nep-acc New Economics Papers
on Accounting and Auditing
Issue of 2012‒10‒06
five papers chosen by
Alexander Harin
Modern University for the Humanities

  1. Constructing The Tax-benefit Micro Simulation Model For Russia – RUSMOD By Popova, Daria
  2. Recent Marginal Labor Income Tax Rate Changes by Skill and Marital Status By Casey B. Mulligan
  3. Audits and logistic regression, deciding what really matters in service processes: a case study of a government funding agency for research grants By Samohyl, Robert
  4. In search of lost capital: an estimation of undeclared portfolio assets By Valeria Pellegrini; Enrico Tosti
  5. The French tax credit dedicated to sustainable development: an econometric evaluation By A. MAUROUX

  1. By: Popova, Daria
    Abstract: The Russian tax-benefit system consists of numerous types of support available to a large circle of beneficiaries; they are regulated by a number of legislative acts that focus on certain types of assistance rather than on vulnerable groups. In addition, the decentralization reform of social protection carried out in 2005 motivated many regional governments to implement their own social programs that differ in terms of design and generosity. So far, however, little is known about the impact of the tax-benefit policies on income distribution and poverty in Russia. This paper describes the construction of a tax-benefit microsimulation model for Russia (RUSMOD) which is based upon the EUROMOD platform. RUSMOD simulates the eligibility and receipt of most of the existing monetary policies at the federal and regional levels and assesses their potential redistributive effect. This paper aims to provide necessary background material on the construction of the model to anyone wishing to work with RUSMOD.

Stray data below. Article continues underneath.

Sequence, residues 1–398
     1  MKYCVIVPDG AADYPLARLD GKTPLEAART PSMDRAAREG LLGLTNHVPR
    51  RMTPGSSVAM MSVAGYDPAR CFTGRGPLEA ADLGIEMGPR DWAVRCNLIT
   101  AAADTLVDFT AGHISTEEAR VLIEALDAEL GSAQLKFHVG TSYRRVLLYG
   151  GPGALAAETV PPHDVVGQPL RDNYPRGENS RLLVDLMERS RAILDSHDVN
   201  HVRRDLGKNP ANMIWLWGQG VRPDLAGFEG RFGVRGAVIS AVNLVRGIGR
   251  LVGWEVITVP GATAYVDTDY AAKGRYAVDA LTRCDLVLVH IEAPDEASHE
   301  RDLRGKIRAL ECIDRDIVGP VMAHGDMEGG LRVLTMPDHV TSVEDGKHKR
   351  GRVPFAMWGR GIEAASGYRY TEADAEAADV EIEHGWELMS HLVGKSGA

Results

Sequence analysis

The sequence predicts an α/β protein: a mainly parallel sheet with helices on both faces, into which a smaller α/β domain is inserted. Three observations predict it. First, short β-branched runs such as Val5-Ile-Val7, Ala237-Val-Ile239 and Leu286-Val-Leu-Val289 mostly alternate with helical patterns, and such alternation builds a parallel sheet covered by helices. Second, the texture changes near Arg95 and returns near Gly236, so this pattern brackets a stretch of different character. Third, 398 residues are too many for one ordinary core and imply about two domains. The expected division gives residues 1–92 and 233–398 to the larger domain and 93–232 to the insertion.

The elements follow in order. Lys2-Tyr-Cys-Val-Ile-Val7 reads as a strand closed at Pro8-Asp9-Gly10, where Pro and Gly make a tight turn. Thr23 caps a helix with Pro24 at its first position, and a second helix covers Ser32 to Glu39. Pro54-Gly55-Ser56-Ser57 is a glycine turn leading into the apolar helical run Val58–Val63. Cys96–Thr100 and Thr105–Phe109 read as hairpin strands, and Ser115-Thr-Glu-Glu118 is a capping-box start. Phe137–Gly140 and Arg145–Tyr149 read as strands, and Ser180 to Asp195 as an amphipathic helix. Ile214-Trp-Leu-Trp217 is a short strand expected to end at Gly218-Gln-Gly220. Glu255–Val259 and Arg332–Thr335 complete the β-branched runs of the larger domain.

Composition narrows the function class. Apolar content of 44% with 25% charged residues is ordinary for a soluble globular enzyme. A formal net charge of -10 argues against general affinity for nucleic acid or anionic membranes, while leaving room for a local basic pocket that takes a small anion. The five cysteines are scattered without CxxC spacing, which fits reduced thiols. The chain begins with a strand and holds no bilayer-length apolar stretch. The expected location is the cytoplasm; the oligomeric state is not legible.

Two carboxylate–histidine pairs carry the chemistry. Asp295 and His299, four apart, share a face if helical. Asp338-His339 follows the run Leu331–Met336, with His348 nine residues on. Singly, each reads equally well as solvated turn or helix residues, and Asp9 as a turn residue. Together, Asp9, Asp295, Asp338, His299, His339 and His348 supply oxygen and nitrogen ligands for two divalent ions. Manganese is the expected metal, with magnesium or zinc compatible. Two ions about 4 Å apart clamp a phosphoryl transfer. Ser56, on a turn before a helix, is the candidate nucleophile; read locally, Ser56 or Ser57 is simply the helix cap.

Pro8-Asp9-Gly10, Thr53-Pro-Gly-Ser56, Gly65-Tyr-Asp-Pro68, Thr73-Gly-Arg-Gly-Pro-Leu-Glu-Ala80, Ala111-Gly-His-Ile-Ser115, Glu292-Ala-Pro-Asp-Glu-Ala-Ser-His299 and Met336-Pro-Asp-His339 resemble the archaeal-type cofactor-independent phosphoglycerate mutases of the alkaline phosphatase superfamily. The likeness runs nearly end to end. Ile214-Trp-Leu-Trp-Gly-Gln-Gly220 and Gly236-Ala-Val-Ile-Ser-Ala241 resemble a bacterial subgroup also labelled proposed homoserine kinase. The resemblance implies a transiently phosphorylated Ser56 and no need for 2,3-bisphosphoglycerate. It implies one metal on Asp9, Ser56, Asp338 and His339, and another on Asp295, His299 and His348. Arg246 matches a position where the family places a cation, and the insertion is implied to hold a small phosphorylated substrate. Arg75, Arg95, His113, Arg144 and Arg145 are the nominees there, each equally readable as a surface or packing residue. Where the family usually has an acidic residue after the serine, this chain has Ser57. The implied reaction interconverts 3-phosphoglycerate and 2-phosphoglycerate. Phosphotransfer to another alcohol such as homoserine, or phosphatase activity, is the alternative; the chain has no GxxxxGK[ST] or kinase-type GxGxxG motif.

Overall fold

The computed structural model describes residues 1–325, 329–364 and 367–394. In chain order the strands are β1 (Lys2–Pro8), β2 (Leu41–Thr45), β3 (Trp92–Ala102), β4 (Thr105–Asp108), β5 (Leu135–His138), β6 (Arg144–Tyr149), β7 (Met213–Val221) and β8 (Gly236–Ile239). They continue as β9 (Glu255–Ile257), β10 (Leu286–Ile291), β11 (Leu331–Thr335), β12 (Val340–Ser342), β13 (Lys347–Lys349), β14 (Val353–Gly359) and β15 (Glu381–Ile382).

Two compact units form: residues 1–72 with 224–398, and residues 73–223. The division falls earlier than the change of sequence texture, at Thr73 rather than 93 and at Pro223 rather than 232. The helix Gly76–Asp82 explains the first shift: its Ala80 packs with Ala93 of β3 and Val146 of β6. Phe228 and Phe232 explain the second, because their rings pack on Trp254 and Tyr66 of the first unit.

Date: 2012–09–25
  2. By: Casey B. Mulligan
    Abstract: This paper calculates monthly time series for the overall safety net’s statutory marginal labor income tax rate as a function of skill and marital status. Marginal tax rates increased significantly for all groups between 2007 and 2009, and dramatically so for unmarried household heads. The relationship between incentive changes and skill varies by marital status. Unemployment insurance and related expansions contribute to the patterns by skill while food stamp expansions contribute to the patterns by marital status. Remarkably, group changes in hours worked per capita line up with the statutory measures of incentive changes.
    JEL: E24 H31 I38 J22
    Date: 2012–09
  3. By: Samohyl, Robert
    Abstract: Governmental agencies, the back office of private firms and nongovernmental organizations experience bureaucratic processes that are often repetitive and out-of-date. These imperfections cause resource misuse and support activities that diminish to the value of the process. An important element of these bureaucratic processes is checking whether certain projects approved by the office have actually been successful in their proposed objectives. Banks and credit card companies must evaluate whether creditors have fulfilled their supposed financial worthiness, tax authorities need to classify sectors of the economy and types of tax payers for probable defaults, and research grants approved by government funding agencies should verify the use of public funds by grant recipients. In this study, logistic regression is used to estimate the probability of conformity of research grants to the financial obligations of the researcher analyzing the correlation between certain characteristics of the grant and the grant´s final status as approved or not. The logistic equation uncovers those characteristics that are most important in judging status, and supports the analysis of results as false positives and false negatives. A ROC curve is constructed which reveals not only an optimal cutoff separating conformity from nonconformity, but also discloses weak links in the chain of activities that could be easily corrected and consequently public resources preserved.